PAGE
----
Jala Graves is one of 81 seniors from Trousdale County High School who reached one of life’s important milestones last Friday night as she received her high school diploma.
However, for Jala, this was no small feat.
“I’ve lived here basically my whole life,” said Graves. “I don’t live with my parents. I live with my guardians. I’ve been working since I’ve been 15 to support myself. I’ve tried hard to keep up with my grades.”
Graves was removed from her home and placed in foster care in sixth grade. She was just 11 years old.
Fortunately, she landed in the home of Ryan and Tina Chasse, her foster parents, along with Crimson Chasse, her nine-year-old foster sister who has been her motivation in moving forward with her life.
“My biological parents told me I wouldn’t amount to much, but that motivated me to make something of myself,” said Graves. “I know where I came from, and I don’t want to be like that. I’ve come to accept that I’m going to be okay.”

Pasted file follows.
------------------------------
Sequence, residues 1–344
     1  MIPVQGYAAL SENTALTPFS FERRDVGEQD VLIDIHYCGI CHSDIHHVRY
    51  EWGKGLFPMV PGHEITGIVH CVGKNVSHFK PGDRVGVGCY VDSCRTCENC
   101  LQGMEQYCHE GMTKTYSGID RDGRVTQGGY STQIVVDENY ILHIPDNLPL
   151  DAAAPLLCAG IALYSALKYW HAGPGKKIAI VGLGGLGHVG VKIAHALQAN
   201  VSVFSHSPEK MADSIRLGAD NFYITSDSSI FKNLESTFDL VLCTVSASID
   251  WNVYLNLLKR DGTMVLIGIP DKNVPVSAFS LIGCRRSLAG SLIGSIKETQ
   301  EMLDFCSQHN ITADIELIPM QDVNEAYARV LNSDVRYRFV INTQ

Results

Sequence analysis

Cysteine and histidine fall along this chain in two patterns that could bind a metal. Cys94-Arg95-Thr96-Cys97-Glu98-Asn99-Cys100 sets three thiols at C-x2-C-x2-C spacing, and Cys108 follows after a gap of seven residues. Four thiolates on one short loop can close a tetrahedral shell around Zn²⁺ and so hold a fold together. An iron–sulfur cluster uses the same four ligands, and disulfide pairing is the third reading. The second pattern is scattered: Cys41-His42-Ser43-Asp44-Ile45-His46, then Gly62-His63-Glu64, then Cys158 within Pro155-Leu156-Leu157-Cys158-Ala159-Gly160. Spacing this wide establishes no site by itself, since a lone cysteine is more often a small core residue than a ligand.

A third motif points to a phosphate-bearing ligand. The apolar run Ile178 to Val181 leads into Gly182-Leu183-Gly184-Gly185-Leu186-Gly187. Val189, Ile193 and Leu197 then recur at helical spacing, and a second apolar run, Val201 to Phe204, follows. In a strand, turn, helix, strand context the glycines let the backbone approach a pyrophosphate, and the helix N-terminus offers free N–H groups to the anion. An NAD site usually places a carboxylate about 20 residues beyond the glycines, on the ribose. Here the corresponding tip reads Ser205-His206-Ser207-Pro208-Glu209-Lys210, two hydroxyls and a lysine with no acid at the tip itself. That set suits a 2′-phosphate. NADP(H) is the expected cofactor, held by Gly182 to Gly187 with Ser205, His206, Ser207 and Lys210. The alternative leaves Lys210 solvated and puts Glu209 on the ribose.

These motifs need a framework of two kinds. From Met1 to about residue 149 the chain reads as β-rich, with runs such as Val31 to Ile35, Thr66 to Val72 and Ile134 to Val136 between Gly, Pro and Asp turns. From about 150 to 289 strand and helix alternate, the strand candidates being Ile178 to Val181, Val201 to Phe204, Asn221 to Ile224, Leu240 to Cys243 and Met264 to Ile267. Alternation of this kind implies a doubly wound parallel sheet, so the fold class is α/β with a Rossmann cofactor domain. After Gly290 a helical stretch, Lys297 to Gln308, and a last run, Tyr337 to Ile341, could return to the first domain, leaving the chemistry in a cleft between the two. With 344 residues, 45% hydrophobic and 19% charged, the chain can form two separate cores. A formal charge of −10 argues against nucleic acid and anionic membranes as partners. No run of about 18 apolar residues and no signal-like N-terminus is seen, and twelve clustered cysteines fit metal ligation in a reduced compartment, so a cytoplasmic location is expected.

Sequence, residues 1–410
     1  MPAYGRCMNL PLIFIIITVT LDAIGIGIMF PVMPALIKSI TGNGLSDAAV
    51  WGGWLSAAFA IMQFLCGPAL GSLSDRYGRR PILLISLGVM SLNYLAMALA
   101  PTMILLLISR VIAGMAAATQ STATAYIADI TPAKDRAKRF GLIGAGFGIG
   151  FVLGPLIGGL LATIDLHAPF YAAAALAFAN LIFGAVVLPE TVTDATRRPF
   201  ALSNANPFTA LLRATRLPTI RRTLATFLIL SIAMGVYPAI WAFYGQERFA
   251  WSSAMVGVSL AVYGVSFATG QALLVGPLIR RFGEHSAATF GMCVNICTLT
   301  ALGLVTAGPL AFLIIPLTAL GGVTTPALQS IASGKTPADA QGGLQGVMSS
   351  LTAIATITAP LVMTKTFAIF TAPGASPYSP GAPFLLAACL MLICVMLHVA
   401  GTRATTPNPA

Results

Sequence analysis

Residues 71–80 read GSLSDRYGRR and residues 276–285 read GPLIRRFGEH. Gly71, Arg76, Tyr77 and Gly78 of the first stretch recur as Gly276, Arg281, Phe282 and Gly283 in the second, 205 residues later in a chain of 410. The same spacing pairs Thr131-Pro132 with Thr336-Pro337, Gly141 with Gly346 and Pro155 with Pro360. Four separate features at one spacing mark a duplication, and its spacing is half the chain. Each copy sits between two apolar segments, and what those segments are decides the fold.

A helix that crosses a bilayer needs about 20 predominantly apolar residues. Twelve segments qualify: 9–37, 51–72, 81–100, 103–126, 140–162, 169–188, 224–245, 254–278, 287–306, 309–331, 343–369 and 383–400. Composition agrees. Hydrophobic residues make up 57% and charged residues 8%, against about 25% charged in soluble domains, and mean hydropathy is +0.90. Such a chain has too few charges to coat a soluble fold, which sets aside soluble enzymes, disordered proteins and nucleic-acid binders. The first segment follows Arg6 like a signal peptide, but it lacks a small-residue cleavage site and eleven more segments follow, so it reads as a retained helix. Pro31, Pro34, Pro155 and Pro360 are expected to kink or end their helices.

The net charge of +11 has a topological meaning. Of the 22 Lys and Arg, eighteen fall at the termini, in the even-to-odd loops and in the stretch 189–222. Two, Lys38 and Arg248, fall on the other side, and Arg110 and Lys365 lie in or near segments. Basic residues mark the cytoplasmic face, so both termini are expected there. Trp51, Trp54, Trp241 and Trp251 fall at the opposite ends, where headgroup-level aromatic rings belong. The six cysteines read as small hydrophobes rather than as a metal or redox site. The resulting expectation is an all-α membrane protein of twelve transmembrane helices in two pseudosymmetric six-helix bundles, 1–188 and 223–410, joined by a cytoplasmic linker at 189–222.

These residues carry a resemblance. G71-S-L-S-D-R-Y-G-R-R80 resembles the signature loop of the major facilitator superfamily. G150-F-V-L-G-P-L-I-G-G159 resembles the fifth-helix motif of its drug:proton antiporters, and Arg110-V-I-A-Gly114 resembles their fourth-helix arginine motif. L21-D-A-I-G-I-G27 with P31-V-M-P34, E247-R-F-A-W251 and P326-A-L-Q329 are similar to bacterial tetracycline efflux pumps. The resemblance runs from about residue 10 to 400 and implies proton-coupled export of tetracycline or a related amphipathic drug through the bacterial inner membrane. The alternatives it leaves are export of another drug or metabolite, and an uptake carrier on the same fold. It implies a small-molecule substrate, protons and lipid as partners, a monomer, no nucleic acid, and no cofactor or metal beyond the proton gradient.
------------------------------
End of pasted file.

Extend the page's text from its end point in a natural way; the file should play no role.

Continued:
Looking back at the past four years, Graves had kind words for both the teachers and administrators who supported her through her time at Trousdale County High School.
“What I love about the teachers here is that they are always there if I need them,” Graves said. “Mrs. (Teresa) Dickerson (the principal) really cares about all the students too.
“I think I’ll really miss it here.”
Graves’ love of children has helped mold her plans for the immediate future, which include enrolling in college.
“I’m going to Vol State (Community College in Gallatin) to study early childhood education,” Graves said. “I’m going to use Tennessee Promise (a scholarship, mentoring and community service program).
“After I graduate from college, I would love to open my own daycare.”
Graves’ message to those who are struggling is simple ... never give up.
“I would tell everyone to never give up ... chase your dreams,” said Graves. “Find someone that you can talk to. Don’t listen to people who want to tear you down, just move ahead and throw it back in their faces.”